you never feel that doubt about the main base which has
been pointed out as not quite absent in Coleridge the
Restorer. Very skilful is the blend in the excellent
" Lovers' Quarrel." ^ Often you have pure anapaests, with
substitution only for convenience and sometimes hardly at
all, as in " Up at a Villa, Down in the City," " Saul," and
others, too well known to need mention, and too many
to admit of it. But he never completely deserts his
trochees ; and the long triplets of the " Toccata " give
that rather uncanny foot opportunity to display all its
witchery. Those persons (they " have much to learn," as
the colonel said to the cornet when that young man
observed that he didn't know champagne improved with
keeping) who doubt the sovereign importance of the line,
should look at " My Star." " I would ask them to ask

1 Oh, I what a dawn | of day !
How the March | sun feels | like May !

All is blue | again

After last | night's rain,
And the South | dries the haw | thorn spray.

On|ly, my Love's | away !
I'd as lief | that the blue | were grey.

2 All that I know

Of a certain star
Is, it can throw

(Like the angled spar)
Now a dart of red,

Now a dart of blue ;
Till my friends have said

They would fain see, too,
My star that dartles the red and the blue.
Then it stops like a bird ; like a flower hangs furled :

They must solace themselves with the Saturn above it.
What matter to me if their star is a world ?

Mine has opened its soul to me ; therefore I love it.

(There is, by the way, a prosodic and critical as well as an astronomical
allegory here.)


themselves why Browning divided the early lines and not
the later ?

" By the Fireside " adds another proof of the per-
vadingness in prosody of the Garden of Cyrus, as do
" Two in the Campagna," and that most really puzzling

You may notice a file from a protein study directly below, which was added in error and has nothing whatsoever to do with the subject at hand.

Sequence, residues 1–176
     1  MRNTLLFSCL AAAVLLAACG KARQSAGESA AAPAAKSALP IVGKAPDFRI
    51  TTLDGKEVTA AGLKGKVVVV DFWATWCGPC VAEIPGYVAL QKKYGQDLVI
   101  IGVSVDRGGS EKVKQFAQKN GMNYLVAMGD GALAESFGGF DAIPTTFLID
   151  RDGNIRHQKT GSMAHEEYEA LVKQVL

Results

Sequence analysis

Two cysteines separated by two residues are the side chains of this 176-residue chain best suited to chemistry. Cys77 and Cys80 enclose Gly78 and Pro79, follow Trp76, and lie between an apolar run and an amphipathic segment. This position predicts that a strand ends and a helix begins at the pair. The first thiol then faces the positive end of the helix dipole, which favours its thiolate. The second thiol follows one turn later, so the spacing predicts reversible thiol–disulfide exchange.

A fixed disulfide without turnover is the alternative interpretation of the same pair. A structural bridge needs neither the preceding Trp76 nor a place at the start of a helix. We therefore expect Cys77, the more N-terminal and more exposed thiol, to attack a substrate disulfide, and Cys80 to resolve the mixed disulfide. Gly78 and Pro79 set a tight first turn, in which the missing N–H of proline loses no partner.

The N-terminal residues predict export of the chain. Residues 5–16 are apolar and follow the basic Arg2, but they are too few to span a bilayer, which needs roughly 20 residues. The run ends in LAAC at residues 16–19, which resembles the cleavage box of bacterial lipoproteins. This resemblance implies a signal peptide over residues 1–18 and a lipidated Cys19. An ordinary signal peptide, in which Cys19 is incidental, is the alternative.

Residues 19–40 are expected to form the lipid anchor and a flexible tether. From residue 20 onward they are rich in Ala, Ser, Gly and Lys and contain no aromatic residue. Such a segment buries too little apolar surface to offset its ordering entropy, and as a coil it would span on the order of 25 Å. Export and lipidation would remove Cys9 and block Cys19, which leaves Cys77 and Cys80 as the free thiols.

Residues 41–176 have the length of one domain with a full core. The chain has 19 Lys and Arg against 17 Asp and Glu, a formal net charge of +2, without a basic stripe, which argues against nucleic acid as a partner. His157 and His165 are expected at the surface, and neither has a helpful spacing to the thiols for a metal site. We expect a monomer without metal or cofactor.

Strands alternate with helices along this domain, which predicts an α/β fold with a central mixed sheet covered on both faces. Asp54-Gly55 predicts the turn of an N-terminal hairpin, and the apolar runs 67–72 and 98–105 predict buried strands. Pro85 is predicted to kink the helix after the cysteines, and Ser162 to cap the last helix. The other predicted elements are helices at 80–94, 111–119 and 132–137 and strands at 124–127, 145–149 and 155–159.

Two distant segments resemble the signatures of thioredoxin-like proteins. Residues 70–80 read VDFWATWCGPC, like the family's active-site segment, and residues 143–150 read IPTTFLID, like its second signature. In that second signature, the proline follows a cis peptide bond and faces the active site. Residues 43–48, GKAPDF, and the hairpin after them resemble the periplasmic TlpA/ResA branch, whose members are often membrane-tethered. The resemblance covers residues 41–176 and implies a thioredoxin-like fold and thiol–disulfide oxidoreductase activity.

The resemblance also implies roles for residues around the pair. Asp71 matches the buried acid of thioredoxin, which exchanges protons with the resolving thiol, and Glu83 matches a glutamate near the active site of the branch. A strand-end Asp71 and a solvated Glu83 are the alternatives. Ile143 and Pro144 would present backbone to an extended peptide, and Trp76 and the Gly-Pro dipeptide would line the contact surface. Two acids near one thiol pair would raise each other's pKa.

piece in all Browning, " A Serenade at the Villa." ^ The
examples are endless, but for " broken and cuttit " verse
of thoroughly successful kind, I do not know where to
look more confidently than to the almost crushing effect
of the very short lines — broken explanations and quiet
despair — of " In a Year " ^ and the varied karole of
" Women and Roses." So too " The Boy and the Angel,"
and " Instans Tyrannus," and " After " would lose half —
/ should say all but the whole — of their beauty if they were
in other measures ; and " Mesmerism " reminds us again
both of the magical and the conjugal powers of Five in a
marvellously effective stanza.^ The three-foot anapaests,
with double rhyme, of the " Glove " are curiously appro-
priate ; and " The Englishman in Italy " will give any
thoughtful person another excellent text for ruminating
on the question of " split and run-on " in lines. The
popular " Pied Piper " could not help coming after Praed
and Barham ; but the " Flight of the Duchess " follows
nobody. I think the poem would have been better had
it been shorter ; but the measure, with its shortenings and
lengthenings, is a very admirable thing. Only three more
from this division I must mention : the stately shorts